But SpaceX's cash flow will increase drastically if Starship works out as planned, and at that point they might see it as worthwhile experimenting with something like rotovators, that would work well with rockets and their existing expertise in precision maneuvering them.

  42. VASIMR is hamstrung by being attached to NASA. NASA isn't in a hurry to put up the engine on ISS for station keeping and VASIMR has been reduced to making PPTs for solar electric tugs to take cargo from LEO to LLO.

    Engine itself is actually pretty good.

  43. NASA being a gatekeeper for humans in LEO was a monopoly
    ULA access to space was a monopoly
    SLS would have been a monopoly

    But all of a sudden SLS has serious competition from SpaceX and people are suddenly worried about monopolies. Anyhow BO will keep SpaceX honest.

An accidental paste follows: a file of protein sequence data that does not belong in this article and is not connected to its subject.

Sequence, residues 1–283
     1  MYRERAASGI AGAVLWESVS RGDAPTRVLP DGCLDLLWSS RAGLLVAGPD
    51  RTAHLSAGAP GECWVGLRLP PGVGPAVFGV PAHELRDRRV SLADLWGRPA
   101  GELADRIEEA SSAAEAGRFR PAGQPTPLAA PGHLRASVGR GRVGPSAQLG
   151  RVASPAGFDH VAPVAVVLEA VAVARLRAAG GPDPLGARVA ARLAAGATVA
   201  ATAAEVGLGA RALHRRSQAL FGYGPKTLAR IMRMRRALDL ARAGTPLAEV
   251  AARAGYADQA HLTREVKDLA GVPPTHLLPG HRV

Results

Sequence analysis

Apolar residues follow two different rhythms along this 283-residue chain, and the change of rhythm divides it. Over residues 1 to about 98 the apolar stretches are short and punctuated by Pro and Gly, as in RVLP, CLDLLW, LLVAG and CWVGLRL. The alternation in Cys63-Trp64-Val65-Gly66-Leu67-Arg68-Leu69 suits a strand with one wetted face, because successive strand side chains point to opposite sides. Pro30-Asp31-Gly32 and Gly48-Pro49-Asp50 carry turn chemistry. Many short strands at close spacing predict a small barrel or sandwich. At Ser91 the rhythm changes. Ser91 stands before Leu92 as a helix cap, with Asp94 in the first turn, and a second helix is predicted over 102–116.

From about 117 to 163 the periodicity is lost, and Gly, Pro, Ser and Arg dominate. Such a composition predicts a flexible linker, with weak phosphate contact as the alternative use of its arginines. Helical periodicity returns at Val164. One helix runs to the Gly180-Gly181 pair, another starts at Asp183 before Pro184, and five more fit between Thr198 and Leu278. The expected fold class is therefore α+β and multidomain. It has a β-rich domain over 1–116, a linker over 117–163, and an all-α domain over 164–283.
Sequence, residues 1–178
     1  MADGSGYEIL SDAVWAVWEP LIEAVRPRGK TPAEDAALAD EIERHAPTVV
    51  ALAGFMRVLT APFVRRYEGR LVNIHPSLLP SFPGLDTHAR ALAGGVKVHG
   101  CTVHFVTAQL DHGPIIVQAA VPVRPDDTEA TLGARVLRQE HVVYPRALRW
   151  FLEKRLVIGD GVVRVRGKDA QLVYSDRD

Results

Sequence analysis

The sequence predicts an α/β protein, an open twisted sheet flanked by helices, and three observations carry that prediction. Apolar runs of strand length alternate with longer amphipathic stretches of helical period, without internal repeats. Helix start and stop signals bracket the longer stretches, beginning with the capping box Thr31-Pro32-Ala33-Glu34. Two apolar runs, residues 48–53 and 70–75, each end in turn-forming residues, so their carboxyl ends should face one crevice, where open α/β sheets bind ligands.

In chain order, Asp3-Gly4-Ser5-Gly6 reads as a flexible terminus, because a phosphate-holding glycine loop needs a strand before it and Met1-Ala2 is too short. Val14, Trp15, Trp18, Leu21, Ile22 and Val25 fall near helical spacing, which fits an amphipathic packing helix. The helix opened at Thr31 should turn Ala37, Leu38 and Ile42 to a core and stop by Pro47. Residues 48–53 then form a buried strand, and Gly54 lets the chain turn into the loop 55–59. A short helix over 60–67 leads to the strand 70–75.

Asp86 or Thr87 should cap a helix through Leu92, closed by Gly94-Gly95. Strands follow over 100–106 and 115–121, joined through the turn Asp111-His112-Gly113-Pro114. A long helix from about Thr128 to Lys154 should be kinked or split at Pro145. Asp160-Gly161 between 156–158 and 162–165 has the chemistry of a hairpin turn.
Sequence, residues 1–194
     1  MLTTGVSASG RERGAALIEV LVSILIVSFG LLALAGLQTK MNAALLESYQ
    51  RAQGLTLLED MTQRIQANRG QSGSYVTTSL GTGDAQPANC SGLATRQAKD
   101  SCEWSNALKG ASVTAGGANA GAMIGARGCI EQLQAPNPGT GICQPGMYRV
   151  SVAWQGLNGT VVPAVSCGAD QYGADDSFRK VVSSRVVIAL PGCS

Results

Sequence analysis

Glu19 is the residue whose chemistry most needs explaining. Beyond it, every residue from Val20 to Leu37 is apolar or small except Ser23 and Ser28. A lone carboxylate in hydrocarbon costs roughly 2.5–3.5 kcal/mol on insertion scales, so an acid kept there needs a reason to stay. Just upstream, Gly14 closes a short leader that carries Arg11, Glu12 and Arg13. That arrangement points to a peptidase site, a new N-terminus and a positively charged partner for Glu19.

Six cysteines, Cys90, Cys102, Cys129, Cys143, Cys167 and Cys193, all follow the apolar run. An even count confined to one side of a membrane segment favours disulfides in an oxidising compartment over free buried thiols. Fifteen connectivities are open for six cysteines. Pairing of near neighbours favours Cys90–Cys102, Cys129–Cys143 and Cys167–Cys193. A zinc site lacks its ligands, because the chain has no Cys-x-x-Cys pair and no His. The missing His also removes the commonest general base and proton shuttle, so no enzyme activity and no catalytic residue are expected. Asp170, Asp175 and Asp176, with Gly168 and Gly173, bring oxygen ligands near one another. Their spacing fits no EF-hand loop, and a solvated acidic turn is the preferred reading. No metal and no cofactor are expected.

44. NASA won't ever make a habitat- they don't see pork river taking them in that direction. Nothing NASA does is geared towards colonization of space.

  45. hi Jean! you are correct… -the TLR of this is probably pretty low… I posted this just to state that SpaceX "should be" doing research into other means of propulsion than chem rockets to make the transition from Earth to Mars (or back) orbit… -VASIMIR is another good alternative tech to that (and probably much further along towards a high TLR level than this one (posted))…

  46. "The Lunar Gateway is putting a needless detour from missions to the moon." is planet chauvinism. O'Neill points out that exactly such places as the halo orbit are our future home. Use the Moon for material. It is not a place to live. Or work. Get used to this fact!